Visibot Cookbook

If you're used to programming robots with imperative languages where you can update state variables in-place, it may take a while to get used to the purely functional style, where new states are calculated as functions of previous states and sensor inputs.

This cookbook gives recipies for solving many common problems with updating state.

Simple State machines

You can build state machines by calculating the new state as a function of the previous state, like:

light = turnon ? 1 : turnoff ? 0 : light[-dt]


foo = foo[-dt] + dt * bar // foo is the integral of bar

The value of every cell at time < 0 is 0 (or the equivalent of 0 for the type: empty string, empty set, etc.). So this integrator starts from 0.

foo = initial ? 123 : foo[-dt] + dt * bar // add an initial condition other than zero.
foo = integrate(bar) + 123 // equivalent to above.

PID loops

A simple PID feedback loop to make arm.pos follow target.pos and target.vel

arm.torque = 
  p.gain * (target.pos - arm.pos) + 
  d.gain * (target.vel - vel(arm.pos)) + 
  i.gain * integrate(target.pos - arm.pos)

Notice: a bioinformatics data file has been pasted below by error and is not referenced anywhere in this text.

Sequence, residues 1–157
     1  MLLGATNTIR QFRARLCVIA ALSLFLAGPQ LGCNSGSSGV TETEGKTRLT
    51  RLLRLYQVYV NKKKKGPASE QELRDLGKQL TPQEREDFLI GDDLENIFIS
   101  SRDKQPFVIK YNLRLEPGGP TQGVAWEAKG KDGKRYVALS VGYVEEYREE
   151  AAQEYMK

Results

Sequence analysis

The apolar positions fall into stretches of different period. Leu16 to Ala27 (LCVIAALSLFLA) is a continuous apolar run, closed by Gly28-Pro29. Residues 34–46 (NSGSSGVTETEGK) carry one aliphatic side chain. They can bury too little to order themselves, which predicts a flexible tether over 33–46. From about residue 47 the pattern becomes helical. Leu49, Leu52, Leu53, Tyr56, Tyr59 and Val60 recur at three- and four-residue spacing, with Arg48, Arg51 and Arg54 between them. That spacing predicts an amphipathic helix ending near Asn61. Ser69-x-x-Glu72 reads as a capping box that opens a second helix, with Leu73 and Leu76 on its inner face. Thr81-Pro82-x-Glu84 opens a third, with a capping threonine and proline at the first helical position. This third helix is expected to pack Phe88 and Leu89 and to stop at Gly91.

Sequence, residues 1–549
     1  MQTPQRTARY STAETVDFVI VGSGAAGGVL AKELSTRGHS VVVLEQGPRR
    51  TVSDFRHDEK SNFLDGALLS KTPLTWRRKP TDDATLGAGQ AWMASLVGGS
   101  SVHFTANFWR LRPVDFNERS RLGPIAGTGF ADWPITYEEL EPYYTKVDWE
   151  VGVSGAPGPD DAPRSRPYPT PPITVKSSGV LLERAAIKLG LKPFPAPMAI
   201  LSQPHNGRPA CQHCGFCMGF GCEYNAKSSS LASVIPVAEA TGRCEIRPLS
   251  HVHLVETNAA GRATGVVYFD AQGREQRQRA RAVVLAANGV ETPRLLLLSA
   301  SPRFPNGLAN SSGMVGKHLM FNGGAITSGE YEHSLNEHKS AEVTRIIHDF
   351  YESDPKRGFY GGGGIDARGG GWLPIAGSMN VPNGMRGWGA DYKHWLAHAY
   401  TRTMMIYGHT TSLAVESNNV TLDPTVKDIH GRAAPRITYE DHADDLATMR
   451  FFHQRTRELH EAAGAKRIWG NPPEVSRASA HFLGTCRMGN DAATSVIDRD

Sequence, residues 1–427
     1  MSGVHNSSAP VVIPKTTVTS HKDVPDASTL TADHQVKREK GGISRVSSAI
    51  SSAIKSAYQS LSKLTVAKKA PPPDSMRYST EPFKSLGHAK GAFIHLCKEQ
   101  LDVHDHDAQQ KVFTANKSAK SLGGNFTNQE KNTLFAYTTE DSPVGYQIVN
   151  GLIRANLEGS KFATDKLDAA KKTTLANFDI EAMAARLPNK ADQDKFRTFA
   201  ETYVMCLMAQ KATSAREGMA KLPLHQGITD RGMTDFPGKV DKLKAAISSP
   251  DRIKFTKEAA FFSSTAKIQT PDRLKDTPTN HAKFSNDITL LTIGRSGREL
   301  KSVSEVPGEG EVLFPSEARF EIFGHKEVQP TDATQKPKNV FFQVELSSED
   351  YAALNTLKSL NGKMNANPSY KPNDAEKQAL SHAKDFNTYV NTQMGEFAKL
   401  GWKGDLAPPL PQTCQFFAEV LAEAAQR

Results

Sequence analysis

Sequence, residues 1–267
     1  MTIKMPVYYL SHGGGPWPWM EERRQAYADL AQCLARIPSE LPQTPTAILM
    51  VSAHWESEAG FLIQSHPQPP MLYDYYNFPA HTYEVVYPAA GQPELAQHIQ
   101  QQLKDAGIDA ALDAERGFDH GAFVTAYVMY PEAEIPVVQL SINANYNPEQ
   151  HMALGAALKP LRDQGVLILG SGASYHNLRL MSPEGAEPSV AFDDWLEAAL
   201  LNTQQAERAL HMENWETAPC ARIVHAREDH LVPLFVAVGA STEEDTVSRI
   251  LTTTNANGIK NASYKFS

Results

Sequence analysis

The vel(x) function returns essentially (x - x[-dt])/dt

PID loops suffer from a phenomenon called windup, where if for some reason it isn't able to achieve the desired position, the integral of position error gets larger and larger. So it's best to clamp the value of the integrator within some limits. The integrate(x, reset, lo, hi) function

arm.torque = 
  p.gain * (target.pos - arm.pos) + 
  d.gain * (vel(target.pos) - vel(arm.pos)) + 
  i.gain * integrate(target.pos - arm.pos, 0, -0.5~1, 0.5~1)


When the position sensor is noisy, it may help to add low-pass filtering on the output of a feedback loop. Thus a complete joint controller looks like:

arm.torque = clamp(lpfilter1(0.02~+0.1,
  10~50 * (target.pos - arm.pos[-dt]) + 
  5~20 * (vel(target.pos) - vel(arm.pos[-dt])) + 
  1~10 * integrate(target.pos - arm.pos[-dt], 0, -0.5~1, 0.5~1)),
  -1, 1)

Behavior trees

Visibot includes behavior trees to make it easier. A behavior cell can be in one of 3 states: running, failure, success. In running mode, it contains a set of symbols representing what is running. Consider a state machine for testing a walking robot.

harness.state = seq(
    !robot.fallen || run('recover.robot),
    robot.ready || run('prepare.robot),
    robot.onground || run('lower.robot),
    robot.stable || run('stabilize.robot),
    robot.fallen || run('stand.robot),

The seq operator runs through each argument until it finds one that is running or success.

Other cells can change their behavior based on what's running. For instance, we set the harness actuator to -0.5 meters in some run modes, 0 otherwise:

act.harness.desiredPos = isrunning(harness.state, 
    'lower.robot |
    'stabilize.robot |
    'stand.robot) ? 
  -0.5 : 0